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Sunday, 5 February 2017

STAGGY CREEK GEM FOSSICKING AREA NEAR INVERELL NSW AUSTRALIA


Extract from "Diamonds in NSW"
Staggy Creek reserve is one of the few places in NSW where fossickers can go and have at least some chance of finding an alluvial diamond. It’s part of an extensive deep lead lying beneath the basalt, south of Inverell. Tin (cassiterite) was the main mineral being sought by miners in this area in the nineteenth century and diamonds were discovered during the search. This created a lot of interest at the time – and still does, judging by the amount of prospecting that has been going on during the last twenty years. Search DIGS (here) using “Staggy Creek” as the locality and you will be surprised.
There’s a lot of good background information in my Blog “Alluvial Diamond Mining in the New England Region of NSW Australia” (here) and especially in the NSW Geological Survey publication “Diamonds in New South Wales”. You can download a copy from DIGS; the reference number is R00047949.
I’ve been there just once, at least 25 years ago. All I can remember finding is pieces of black tourmaline, which are everywhere.
Here’s what the Inverell Tourism website (here) has to say about Staggy Creek:
Copeton diamonds - Australian Museum
The district’s rich volcanic soils can offer other gems and minerals. One such gem, is the amazing Diamond found near Copeton Dam; the Staggy Creek Fossicking Area provides a site where you can look for the Diamonds together with Black Tourmaline and Quartz. This is a rough dry area 28km from Inverell, you can take your water or dry sieve.
Contact Details: Copeton Dam Road (24km from the turn off Copeton Dam from Inverell)”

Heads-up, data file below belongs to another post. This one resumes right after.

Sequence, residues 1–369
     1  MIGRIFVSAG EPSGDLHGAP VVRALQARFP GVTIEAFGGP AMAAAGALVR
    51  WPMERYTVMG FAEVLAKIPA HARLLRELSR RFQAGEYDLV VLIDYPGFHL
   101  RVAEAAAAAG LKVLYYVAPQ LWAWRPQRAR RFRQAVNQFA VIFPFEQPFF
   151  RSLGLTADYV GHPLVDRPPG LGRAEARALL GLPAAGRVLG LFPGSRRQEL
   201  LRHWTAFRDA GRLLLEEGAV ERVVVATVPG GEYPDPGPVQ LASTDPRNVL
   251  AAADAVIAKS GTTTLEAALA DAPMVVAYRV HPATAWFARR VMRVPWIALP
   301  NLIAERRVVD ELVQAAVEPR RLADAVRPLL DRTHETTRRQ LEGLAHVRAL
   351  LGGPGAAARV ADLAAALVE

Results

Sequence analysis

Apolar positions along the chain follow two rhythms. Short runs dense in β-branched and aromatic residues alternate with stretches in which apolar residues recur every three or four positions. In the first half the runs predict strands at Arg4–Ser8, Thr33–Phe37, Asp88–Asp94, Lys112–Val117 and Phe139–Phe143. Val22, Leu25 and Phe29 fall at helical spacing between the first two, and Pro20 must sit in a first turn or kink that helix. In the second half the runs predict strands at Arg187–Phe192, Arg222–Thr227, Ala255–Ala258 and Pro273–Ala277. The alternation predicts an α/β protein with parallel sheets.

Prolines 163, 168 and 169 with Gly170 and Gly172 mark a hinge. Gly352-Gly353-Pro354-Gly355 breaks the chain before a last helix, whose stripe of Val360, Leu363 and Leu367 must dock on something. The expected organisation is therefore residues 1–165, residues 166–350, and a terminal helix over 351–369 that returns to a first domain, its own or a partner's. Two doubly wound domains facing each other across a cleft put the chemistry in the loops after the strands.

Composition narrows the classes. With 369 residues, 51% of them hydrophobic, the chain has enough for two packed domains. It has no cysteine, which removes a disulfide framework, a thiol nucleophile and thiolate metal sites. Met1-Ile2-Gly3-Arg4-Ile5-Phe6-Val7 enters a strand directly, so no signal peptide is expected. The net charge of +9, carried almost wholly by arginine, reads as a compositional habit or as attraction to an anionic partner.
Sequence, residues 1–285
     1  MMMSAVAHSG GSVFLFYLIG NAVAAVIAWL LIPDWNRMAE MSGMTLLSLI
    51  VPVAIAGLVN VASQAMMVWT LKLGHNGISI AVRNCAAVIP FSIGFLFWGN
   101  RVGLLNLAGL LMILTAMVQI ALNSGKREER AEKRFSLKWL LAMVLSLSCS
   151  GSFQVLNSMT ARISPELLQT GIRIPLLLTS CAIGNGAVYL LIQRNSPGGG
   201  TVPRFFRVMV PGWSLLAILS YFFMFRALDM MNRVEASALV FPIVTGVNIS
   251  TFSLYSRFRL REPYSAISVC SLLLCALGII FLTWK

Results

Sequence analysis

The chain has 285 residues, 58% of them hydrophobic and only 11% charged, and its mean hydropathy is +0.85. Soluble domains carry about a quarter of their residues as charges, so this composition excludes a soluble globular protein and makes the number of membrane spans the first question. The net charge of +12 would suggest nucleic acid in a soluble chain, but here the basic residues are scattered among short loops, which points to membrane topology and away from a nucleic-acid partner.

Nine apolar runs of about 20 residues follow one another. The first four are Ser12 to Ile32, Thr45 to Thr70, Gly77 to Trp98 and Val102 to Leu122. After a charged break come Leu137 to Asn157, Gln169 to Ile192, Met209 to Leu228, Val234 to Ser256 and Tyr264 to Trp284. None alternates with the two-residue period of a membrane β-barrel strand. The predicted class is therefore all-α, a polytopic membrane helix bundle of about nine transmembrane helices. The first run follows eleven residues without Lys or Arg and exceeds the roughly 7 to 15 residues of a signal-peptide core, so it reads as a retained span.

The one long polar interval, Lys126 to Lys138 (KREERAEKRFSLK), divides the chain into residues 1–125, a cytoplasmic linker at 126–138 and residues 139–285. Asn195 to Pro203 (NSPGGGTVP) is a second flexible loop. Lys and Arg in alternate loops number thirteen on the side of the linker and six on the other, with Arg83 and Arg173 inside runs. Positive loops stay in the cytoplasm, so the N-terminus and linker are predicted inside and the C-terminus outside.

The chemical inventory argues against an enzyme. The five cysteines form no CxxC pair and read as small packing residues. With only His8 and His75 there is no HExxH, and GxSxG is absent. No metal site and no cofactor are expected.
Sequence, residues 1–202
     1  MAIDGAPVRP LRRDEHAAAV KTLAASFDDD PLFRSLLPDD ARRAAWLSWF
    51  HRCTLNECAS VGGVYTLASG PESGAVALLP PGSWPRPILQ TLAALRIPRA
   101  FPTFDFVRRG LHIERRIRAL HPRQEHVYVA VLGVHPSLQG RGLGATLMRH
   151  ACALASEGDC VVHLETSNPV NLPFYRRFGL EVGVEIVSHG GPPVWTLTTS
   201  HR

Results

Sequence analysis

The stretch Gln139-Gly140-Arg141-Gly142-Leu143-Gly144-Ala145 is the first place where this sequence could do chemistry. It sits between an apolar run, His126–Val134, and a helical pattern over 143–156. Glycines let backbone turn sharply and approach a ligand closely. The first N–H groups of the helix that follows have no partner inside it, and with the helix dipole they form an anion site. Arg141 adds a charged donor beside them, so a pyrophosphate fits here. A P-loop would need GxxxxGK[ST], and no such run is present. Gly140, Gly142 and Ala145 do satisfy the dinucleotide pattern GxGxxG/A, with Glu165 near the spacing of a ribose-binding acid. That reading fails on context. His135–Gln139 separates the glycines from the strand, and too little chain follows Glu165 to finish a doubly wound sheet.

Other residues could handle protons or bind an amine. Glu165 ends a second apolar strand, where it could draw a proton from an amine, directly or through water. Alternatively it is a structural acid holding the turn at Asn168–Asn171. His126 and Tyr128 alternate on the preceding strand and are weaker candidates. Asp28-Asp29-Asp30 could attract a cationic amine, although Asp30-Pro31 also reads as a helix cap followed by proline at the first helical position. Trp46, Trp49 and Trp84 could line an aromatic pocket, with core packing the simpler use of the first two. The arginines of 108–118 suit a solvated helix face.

This is what “Diamonds in NSW” has to say about the place.
Photo courtesy of Jewellery Pirate
The Staggy Creek deposit is an isolated area of diamond-bearing Tertiary gravels exposed at the surface. There is no basalt overlying the deposit and granite bedrock surrounds the Tertiary gravels. The granite is remarkable in that it contains a number of potholes of circular shape and its surface appears to be the surface on which the Tertiary sediments were deposited.
The deposit consists of quartz pebbles, cobbles and boulders ranging from 5mm to 0.2m in diameter, jasper, a relatively large amount of tourmaline (much of which is unabraded), topaz and garnet (which is invariably present in the diamond bearing gravels). Many of the quartz boulders contains pencil tourmaline. An ironstone band similar to those at Kirk’s Hill and the Banca is present.” Read page 52 of the report for a fuller description.
Mindat (here) includes a reference to Staggy Creek.
Photo courtesy of Jewellery Pirate
Staggy Creek lead, Copeton DamHardinge Co.New South WalesAustralia
Latitude & Longitude (WGS84):
29° 50' 5'' South , 150° 53' 5'' East
Latitude & Longitude (decimal):
Map sheets: SH 56-5, 9038-II-N. Coordinates: 295600mE, 6697500mN.
Placer deposit.
Rather strangely, the Mindat list doesn’t include ‘tourmaline’, the most obvious mineral at Staggy Creek.
Here is a list of other resources you will find interesting.
Photo courtesy of Jewellery Pirate
Jewellery Pirate’s Blog (here). Thank you, JP, for the photographs of Staggy Creek.
An account of a visit by the Campelltown Lapidary Club (here).
Paul Clacher’s visit (here).
All Travels website (here).
World of Shiny Stuff website (here).